Ontario cleans house at OLG

Government fires CEO, leading to resignation of the entire Ontario Lottery board in a clean sweep at one of the province's most high-profile agencies. With revelations of employees billing taxpayers for pen refills and gym memberships, questions emerge about the McGuinty government's ability to oversee its own agencies. And that's not the end of the story...

KAREN HOWLETT, TORONTO From Tuesday's Globe and Mail Last updated on Wednesday, Sep. 02, 2009 02:56AM EDT

The McGuinty government has taken the extraordinary step of cleaning house at the Ontario Lottery and Gaming Corp., dismissing its chief executive officer amid a looming scandal over expenses.

Revelations that employees of the lottery corporation billed taxpayers for everything from pen refills to gym memberships raise questions about the McGuinty government's stewardship over its agencies, opposition members said yesterday.

But more bad news might be in store for Ontarians, Finance Minister Dwight Duncan warned yesterday as he launched a government-wide review of the accountability of all agencies, boards and commissions.

The latest scandal on the McGuinty government's watch has bred a heightened sense of urgency around Queen's Park. Premier Dalton McGuinty plans to interrupt his summer vacation today and return to the provincial legislature, where he will announce further details about the review.

Mr. McGuinty has been under siege from the opposition in the past few months over lucrative contracts that another government entity, eHealth Ontario, awarded without competitive tenders and over nickel-and-dime expense claims by consultants.

That led to the departures of eHealth CEO Sarah Kramer and chairman Alan Hudson. But the problems at the lottery corporation eclipse those at eHealth because they involve one of the province's biggest, most high-profile agencies.

Mr. Duncan said OLG is a multibillion corporation that pays annual dividends to the province of $1.8-billion. He said he is not satisfied that the corporation's assets are being maximized for taxpayers.

"I don't like this," he said at a news conference. "I don't think taxpayers like this. The challenge for us is to ensure that we put an end to it in a responsible fashion."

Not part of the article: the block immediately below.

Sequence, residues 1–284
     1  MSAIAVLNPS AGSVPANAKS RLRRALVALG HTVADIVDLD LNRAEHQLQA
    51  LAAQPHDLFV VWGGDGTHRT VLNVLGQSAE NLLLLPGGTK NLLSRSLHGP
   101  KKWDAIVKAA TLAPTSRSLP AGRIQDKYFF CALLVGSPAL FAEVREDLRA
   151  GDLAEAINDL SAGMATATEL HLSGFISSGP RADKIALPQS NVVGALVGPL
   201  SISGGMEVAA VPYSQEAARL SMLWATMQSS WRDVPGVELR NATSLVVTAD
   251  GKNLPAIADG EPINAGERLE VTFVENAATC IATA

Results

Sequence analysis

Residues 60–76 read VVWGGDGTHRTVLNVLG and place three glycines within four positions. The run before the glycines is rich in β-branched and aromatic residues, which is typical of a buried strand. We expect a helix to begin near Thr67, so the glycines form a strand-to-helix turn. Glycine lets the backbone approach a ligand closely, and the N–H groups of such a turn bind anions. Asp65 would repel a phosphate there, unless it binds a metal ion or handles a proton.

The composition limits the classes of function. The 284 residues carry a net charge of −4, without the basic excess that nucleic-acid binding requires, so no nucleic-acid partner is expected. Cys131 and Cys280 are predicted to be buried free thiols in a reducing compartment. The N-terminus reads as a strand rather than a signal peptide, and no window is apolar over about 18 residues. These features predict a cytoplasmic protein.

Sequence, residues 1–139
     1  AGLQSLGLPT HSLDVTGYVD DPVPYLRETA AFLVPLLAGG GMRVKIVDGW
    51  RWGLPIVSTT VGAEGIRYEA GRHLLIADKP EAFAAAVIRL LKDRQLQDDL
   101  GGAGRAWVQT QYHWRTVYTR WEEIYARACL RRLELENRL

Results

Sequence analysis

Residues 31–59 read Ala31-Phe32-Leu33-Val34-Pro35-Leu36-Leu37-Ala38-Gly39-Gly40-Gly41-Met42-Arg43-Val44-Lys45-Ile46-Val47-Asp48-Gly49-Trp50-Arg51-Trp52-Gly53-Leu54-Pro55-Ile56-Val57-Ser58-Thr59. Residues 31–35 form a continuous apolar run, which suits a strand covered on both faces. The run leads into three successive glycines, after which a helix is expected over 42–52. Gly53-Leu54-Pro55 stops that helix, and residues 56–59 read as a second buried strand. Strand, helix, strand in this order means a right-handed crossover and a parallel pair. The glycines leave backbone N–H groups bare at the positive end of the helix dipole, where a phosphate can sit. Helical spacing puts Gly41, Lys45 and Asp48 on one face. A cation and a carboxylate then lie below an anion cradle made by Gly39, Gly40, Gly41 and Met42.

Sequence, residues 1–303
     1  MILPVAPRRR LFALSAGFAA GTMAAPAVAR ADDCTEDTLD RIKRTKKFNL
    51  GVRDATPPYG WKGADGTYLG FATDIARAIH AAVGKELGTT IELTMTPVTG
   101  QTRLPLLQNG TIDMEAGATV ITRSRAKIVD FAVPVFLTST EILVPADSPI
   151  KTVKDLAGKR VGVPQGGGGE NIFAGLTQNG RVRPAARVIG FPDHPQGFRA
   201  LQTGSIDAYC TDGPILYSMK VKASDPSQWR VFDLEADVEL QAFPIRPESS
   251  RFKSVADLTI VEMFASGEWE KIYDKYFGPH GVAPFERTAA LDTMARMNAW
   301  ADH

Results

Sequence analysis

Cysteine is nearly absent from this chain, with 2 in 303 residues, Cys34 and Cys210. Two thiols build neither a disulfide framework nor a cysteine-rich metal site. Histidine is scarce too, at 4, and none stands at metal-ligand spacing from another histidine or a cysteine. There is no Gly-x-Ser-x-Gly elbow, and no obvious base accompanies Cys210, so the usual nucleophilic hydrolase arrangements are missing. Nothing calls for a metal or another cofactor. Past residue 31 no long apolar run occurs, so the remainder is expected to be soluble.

The government moved swiftly yesterday in an attempt to douse the controversy. The corporation's entire board of directors resigned, including chairman Michael Gough. The new interim board, led by deputy finance minister Peter Wallace, dismissed chief executive officer Kelly McDougald with cause. As a result, Ms. McDougald, who was paid $411,000 in salary and benefits last year, will not receive severance pay.

This is the first time since the Liberals came to power in October, 2003, that a CEO of a government entity has been dismissed with cause. Mr. Duncan said the expenses are a symptom of a bigger problem at the lottery corporation. Ms. McDougald was hired two years ago to turn the lottery corporation's corporate culture around after a scandal over the unusually high number of retailers who won lottery prizes.

She could not be reached for comment yesterday.

Mr. Gough said in a statement that neither he nor other board members billed any of the expenses. But he said he offered to resign because he is ultimately responsible for the corporation's actions. While board members worked tirelessly to bring about cultural change within OLG, he said, the expenses billed by employees indicate that the transformation is not complete.

Mr. Duncan's office released five thick binders containing expense reports and receipts for lottery corporation executives and senior staff covering a two-year period beginning Jan. 1, 2007. The reports came without explanations of whether they met the corporation's policies on expenses.

The Finance Minister has also asked the province's Auditor General to review the expense practices at the lottery corporation governing travel, meals and hospitality, including the approval process.

Many of the receipts reveal that employees of the lottery corporation broke the government's own rules stipulating that expenses for alcoholic beverages must be reasonable, a Finance official said.

Opposition members accused the government of moving pre-emptively to head off another scandal at the lottery corporation. The Progressive Conservatives had obtained the documents through a freedom-of-information request and were poised to expose the spending on travel and entertaining when the legislature returns on Sept. 14. But the government beat them to it.

Progressive Conservative Leader Tim Hudak said the expenses at the lottery corporation are just the latest in the government's "culture of scandalous spending." He called on the Premier to dismiss cabinet ministers who have had responsibility for the agency since the Liberals took office.

"What we need to see, in fact, is a minister's head on the chopping block," Mr. Hudak told reporters. "You can play musical CEOs all you want. You can replace one group of hand-picked Liberals to run OLGC with another group of hand-picked Liberals to run the show. That's not going to bring an end to this mess."